Govt told to explain if journalists can keep their sources secret
Karachi: The Sindh High Court (SHC) directed the federal law officer on Thursday to ascertain whether a law allowing journalists not to disclose their sources of information existed.
The directive came during a hearing on a petition of Beena Khalid, who accused law enforcement agencies of picking up her husband, Khalid Shahmim, 37, an employee of the Karachi Water and Sewerage Board (KWSB), from the Karachi airport on January 6, 2011 and keeping him in wrongful confinement since.
She cited media reports stating that her spouse was taken into custody in August 2011 on suspicion of his involvement in the murder of Dr Imran Farooq, a senior leader of the Muttahida Qaumi Movement, in London.
At a previous hearing, the high court had observed that media reports suggested that Shamim was detained by law enforcement agencies (LEAs) in connection with Farooq’s murder case, but the journalist who had filed the story refused to reveal his source on the grounds of journalistic ethics.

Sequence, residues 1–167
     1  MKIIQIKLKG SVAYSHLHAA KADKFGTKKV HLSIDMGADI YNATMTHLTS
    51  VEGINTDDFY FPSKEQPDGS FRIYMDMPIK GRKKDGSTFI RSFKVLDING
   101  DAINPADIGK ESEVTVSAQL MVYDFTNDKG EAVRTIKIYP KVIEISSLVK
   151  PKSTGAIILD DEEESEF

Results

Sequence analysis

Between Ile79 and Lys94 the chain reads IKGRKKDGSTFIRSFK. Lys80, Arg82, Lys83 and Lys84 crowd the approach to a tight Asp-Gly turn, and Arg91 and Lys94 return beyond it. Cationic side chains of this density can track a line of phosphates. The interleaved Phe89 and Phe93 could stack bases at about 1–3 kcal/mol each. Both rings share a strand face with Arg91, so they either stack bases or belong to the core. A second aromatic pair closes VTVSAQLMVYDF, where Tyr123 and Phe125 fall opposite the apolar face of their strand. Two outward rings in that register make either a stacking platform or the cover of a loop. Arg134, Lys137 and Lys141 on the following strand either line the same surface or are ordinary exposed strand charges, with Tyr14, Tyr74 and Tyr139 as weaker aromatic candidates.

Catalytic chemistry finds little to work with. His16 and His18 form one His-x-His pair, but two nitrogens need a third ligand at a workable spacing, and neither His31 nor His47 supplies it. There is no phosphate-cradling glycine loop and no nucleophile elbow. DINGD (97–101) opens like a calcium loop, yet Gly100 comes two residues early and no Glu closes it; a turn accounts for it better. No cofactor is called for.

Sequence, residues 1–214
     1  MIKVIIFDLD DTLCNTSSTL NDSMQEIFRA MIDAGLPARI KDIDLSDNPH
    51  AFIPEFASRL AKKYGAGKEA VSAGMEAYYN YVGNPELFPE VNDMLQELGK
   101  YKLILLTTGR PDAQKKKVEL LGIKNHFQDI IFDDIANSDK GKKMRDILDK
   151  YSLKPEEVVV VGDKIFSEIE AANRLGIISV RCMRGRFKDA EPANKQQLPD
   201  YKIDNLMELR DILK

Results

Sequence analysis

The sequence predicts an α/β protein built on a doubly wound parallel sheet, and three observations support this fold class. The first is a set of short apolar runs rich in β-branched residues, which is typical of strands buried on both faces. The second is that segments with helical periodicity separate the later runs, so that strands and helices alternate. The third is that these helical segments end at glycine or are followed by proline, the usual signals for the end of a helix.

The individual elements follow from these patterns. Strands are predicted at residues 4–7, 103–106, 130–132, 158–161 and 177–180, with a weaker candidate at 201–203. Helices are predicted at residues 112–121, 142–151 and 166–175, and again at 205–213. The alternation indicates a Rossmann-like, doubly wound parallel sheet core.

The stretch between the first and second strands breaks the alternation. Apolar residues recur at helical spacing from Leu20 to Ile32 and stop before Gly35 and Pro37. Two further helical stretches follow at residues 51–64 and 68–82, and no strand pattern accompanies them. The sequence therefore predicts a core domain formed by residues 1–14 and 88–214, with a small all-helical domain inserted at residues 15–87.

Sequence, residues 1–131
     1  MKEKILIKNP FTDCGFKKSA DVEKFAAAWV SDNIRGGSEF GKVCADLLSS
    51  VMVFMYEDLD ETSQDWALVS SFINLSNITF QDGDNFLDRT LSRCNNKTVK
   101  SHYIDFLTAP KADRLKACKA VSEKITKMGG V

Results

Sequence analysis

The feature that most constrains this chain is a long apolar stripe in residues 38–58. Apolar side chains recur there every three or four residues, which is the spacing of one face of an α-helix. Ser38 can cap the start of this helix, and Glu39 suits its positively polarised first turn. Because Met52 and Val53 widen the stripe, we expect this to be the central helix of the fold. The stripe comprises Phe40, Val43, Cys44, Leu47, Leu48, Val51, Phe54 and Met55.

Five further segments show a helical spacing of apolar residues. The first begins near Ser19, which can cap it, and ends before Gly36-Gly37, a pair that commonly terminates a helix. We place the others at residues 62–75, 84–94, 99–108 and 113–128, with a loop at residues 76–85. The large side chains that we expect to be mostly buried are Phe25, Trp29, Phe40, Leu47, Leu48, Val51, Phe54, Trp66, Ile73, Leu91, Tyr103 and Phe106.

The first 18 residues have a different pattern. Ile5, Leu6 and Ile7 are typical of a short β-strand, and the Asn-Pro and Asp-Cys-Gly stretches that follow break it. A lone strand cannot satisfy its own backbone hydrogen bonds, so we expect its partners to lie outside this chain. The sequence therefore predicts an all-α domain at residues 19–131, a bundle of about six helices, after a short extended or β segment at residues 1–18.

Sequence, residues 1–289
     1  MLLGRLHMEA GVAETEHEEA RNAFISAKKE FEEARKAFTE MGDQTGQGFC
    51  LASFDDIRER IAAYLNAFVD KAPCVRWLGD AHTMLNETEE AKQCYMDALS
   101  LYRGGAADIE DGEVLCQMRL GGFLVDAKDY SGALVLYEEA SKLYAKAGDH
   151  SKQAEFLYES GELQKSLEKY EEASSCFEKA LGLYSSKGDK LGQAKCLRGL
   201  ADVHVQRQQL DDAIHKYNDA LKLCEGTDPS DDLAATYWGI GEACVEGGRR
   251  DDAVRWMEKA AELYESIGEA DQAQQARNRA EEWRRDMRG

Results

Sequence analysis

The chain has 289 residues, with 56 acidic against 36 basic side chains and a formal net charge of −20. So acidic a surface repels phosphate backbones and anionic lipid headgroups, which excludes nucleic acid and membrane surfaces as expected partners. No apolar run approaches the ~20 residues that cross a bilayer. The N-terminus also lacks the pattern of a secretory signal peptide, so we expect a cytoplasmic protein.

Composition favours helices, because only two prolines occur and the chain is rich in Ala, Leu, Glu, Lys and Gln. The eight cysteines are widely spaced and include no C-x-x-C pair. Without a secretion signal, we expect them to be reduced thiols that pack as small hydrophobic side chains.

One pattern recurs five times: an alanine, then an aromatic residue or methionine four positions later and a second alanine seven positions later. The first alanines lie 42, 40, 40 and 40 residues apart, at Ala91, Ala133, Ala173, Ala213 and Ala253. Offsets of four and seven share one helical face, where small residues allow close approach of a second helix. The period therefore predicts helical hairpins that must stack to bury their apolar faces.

The court had called assistance from the senior counsel to determine if journalists could refuse to disclose his sources of information under any code of ethics when it related to the liberty of the citizen guaranteed under the constitution.
The counsel for journalist bodies, Rasheed A Razvi, said the Journalist Protection and Welfare Bill 2011 had been placed in the Senate and Section 3 of the bill provided that no journalist would be compelled to disclose his source of information, and if necessary for the security of the country only the Supreme Court could require such a disclosure but it would not make it public.
He submitted that under the bill, if passed by parliament, this exercise would be nothing but futile. He requested the deputy attorney general to find out whether the bill had been passed or not.